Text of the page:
Is my son an exception? Or do lots of kids believe that their parents owe them college? Ask your kids if they believe college should be paid for by parents. Comment below and tell me what they said.

What is Differential Geometry you ask? According to Wikipedia…

Differential geometry is a mathematical discipline that uses the techniques of differential calculus and integral calculus, as well as linear algebra and multilinear algebra, to study problems in geometry. The theory of plane and spacecurves and of surfaces in the three-dimensional Euclidean space formed the basis for development of differential geometry during the 18th century and the 19th century. Since the late 19th century, differential geometry has grown into a field concerned more generally with the geometric structures on differentiable manifolds. Differential geometry is closely related to differential topology, and to the geometric aspects of the theory of differential equations. The differential geometry of surfaces captures many of the key ideas and techniques characteristic of this field.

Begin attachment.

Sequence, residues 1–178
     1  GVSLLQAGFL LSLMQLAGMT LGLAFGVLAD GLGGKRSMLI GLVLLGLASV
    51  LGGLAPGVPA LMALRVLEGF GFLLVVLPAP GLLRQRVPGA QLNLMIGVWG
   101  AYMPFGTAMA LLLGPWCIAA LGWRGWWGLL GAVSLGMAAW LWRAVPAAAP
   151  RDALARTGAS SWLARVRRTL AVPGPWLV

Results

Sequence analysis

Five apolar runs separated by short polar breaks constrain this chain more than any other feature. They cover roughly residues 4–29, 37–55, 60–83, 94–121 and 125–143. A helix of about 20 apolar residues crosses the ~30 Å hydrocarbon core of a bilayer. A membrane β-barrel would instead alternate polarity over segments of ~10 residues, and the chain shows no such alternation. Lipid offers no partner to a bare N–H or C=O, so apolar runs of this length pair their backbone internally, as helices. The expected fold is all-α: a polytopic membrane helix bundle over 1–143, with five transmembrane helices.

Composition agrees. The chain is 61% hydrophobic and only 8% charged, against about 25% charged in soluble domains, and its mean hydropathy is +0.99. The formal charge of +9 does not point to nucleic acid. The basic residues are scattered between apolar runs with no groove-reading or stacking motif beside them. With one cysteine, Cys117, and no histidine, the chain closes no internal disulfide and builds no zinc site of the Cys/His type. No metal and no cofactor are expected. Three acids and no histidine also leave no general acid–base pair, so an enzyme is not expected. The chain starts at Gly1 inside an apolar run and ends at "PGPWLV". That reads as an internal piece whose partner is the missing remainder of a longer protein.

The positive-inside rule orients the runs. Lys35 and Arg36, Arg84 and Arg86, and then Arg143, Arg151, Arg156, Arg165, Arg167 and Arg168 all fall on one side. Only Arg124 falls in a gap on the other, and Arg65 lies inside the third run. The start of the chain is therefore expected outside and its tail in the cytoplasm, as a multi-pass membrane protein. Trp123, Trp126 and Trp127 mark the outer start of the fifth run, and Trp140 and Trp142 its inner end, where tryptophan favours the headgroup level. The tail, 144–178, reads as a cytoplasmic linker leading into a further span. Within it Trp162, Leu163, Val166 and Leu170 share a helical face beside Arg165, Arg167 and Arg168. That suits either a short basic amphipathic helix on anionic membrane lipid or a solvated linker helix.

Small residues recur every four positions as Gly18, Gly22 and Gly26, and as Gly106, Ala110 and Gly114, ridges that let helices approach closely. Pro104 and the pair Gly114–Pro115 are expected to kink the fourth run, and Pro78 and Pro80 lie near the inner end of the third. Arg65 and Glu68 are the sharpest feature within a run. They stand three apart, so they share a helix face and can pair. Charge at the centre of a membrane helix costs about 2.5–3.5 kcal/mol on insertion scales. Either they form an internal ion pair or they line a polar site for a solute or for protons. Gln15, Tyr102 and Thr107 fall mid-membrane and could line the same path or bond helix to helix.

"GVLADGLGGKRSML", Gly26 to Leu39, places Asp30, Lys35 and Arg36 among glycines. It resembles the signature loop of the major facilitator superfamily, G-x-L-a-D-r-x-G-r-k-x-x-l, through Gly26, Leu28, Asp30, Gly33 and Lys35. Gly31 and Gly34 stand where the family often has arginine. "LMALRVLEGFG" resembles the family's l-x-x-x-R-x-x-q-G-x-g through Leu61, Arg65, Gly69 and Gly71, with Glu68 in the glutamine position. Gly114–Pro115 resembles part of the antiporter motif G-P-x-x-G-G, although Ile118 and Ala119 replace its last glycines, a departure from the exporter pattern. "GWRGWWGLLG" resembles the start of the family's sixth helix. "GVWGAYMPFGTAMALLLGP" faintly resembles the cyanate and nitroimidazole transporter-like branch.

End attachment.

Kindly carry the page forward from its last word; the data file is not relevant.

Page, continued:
From the Los Angeles Times: An open letter to my kids about suing mom and dad.

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10 Terms to Test Your Investment IQ

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I know you’ve heard them talked about and mentioned a million times. But, do you know what they mean? How many of these ten financial terms can you can define:

Equity,

Bond,

Yield,

Risk,

Mutual Fund,

ETF,

Dividend,

Asset Allocation,

Blue Chip,

and DOW.

imagesIf we women are going to own the world, then we better know what we’re talking about. How many times have you listened to a financial advisor and your eyes glaze over? Is it because financial professionals take for granted that you have knowledge that you don’t have? Is it their jargon? Or, are they are just plain boring!

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Take a moment to quiz yourself. FYI, the answers are right here:

Ten Investment Terms